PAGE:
This is an archived article that was published on in 2015, and information in the article may be outdated. It is provided only for personal research purposes and may not be reprinted.

The last time Southern Utah University's football coach headed north on I-15 to become an assistant at another school, the Thunderbirds improved the following season.

That won't happen this time.

Not even Ed Lamb himself reasonably could have hoped to top SUU's 2015 performance. The program's Big Sky Conference championship made the timing good for Lamb to join Kalani Sitake's BYU staff as assistant head coach, even if that move defies a standard career trajectory.

In a casual conversation early in his eight-year SUU tenure, I mentioned to Lamb how a former head coach at FCS member South Dakota State, a team that regularly appeared on SUU's schedule, once became a BYU assistant. Lamb said that would not be a logical move in this era, because SDSU was such a solid program.

So Lamb's coming to BYU reflects both his endorsement of Sitake and the reality that sustaining success in the Big Sky will always be tough for SUU. In a November interview, when I asked what had kept him in Cedar City for eight years, Lamb said, "There's just always been something more to accomplish."

The T-birds beat Northern Arizona that week to win a championship in probably the strongest FCS conference in the country — with the lowest budget in the 13-school league. The achievement undoubtedly altered Lamb's answer to that question. With a marketing background in bigger programs, Jason Butikofer can strengthen SUU financially as the school's new athletic director. Yet competing with the Big Sky's top-tier schools every year is asking a lot.

SUU fielded a very good team in 2015, finishing 8-4 with four seniors who likely will appear in NFL training camps next summer — defensive end James Cowser, cornerback LeShaun Sims, safety Miles Killebrew and quarterback Ammon Olsen.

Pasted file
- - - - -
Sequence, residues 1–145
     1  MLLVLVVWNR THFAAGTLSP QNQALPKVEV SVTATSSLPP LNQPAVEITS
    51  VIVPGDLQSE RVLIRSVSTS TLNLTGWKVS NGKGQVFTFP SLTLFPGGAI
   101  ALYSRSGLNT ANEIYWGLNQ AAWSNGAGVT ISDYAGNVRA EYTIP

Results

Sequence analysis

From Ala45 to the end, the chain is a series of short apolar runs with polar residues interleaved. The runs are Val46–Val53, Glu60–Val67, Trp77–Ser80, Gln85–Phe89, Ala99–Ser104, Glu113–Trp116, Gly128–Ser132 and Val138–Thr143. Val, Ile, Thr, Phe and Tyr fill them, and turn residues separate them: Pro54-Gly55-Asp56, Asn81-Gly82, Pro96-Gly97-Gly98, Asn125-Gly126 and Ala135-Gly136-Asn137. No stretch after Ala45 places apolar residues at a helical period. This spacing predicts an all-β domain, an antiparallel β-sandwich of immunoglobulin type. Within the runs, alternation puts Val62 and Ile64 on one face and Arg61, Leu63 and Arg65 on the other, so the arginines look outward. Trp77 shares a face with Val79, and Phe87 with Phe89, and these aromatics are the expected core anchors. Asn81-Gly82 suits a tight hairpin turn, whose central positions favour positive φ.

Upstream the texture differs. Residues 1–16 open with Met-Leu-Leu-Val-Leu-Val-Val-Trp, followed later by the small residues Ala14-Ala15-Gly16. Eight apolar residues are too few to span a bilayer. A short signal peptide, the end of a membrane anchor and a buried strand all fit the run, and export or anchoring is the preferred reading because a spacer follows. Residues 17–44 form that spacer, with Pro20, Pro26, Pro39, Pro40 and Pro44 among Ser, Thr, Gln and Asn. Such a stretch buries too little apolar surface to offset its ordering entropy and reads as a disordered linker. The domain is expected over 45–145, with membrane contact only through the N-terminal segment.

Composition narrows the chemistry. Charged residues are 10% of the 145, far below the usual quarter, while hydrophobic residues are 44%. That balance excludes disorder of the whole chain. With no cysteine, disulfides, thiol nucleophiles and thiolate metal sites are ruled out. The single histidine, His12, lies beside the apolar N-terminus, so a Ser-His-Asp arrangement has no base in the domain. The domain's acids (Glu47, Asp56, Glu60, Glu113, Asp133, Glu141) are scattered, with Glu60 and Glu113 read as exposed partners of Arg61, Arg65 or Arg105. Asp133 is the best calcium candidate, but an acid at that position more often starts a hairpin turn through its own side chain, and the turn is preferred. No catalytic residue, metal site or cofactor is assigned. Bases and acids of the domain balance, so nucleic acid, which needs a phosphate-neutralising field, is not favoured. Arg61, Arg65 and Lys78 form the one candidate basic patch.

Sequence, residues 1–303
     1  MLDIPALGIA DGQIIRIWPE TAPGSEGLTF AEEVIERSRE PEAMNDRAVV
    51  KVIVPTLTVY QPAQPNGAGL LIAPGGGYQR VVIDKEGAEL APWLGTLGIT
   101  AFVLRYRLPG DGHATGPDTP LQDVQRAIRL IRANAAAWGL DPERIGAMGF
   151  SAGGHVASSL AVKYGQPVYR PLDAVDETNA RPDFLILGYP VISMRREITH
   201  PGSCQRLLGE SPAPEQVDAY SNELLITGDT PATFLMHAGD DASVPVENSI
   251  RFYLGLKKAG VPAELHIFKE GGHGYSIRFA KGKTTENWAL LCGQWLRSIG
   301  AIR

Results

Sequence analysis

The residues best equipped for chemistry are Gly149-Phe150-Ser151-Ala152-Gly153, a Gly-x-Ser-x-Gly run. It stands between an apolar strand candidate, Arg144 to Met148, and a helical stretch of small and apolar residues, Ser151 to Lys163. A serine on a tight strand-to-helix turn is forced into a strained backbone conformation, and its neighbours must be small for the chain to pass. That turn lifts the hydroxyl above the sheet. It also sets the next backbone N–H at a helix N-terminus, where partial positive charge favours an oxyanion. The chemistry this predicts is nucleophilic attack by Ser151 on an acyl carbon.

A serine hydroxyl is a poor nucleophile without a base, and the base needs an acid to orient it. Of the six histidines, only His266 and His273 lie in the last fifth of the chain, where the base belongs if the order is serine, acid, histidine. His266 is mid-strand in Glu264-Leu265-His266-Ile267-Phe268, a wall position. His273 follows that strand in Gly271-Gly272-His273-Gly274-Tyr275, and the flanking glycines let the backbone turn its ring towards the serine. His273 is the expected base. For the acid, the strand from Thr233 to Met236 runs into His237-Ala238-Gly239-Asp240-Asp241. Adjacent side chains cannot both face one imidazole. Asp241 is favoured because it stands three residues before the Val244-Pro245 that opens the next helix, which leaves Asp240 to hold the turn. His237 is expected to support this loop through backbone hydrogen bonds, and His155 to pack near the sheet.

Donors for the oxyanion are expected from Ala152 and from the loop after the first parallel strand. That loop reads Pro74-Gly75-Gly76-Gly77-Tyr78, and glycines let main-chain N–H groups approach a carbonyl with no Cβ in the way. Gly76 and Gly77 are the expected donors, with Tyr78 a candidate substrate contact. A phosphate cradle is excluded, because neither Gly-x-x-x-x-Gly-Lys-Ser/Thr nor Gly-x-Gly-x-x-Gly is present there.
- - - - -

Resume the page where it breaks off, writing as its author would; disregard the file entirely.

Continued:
So the convergence of SUU's high point, Sitake's hiring at BYU and Lamb's loyalty to the school as a former defensive lineman (although he's not an LDS Church member) made the move attractive to him. He deserves appreciation in Cedar City, where getting football fans to pay more attention to the local school than BYU is part of the challenge.

Gary Andersen left SUU after one season, having shown improvement with a 4-7 record before returning to Utah as defensive line coach in 2004. The T-birds went 6-5 the following season under Wes Meier (with Sitake having remained on the SUU staff that season), but the program then spiraled downward until Lamb arrived in 2008. Having inherited an 18-game losing streak, Lamb finished with a 45-47 record that included two FCS playoff losses. Otherwise, he would have broken even — and this year's conference title was remarkable, in a league with Montana, Montana State and Eastern Washington.

The effect of SUU's 2015 breakthrough is that Sitake will benefit from Lamb's experience, as a strong addition to his staff. Of the three assistants Sitake has hired so far, Lamb has the best coaching credentials. Ty Detmer is a very good acquisition as offensive coordinator, simply because he never had indicated any desire to coach above the high school level, but he's obviously unproven. Ilaisa Tuiaki also will have to establish himself as a defensive coordinator. In contrast, wherever Sitake plugs in Lamb — with special teams, for example — Lamb will be influential.

Players respond well to him. Lamb is "very up front," Olsen said in November. "He'll tell you what he's thinking, which I love about him."

Even though Sitake has learned well from Andersen and Utah's Kyle Whittingham over the past 13 seasons, he'll need all the advice Lamb can give him about becoming a successful head coach.

Twitter: @tribkurt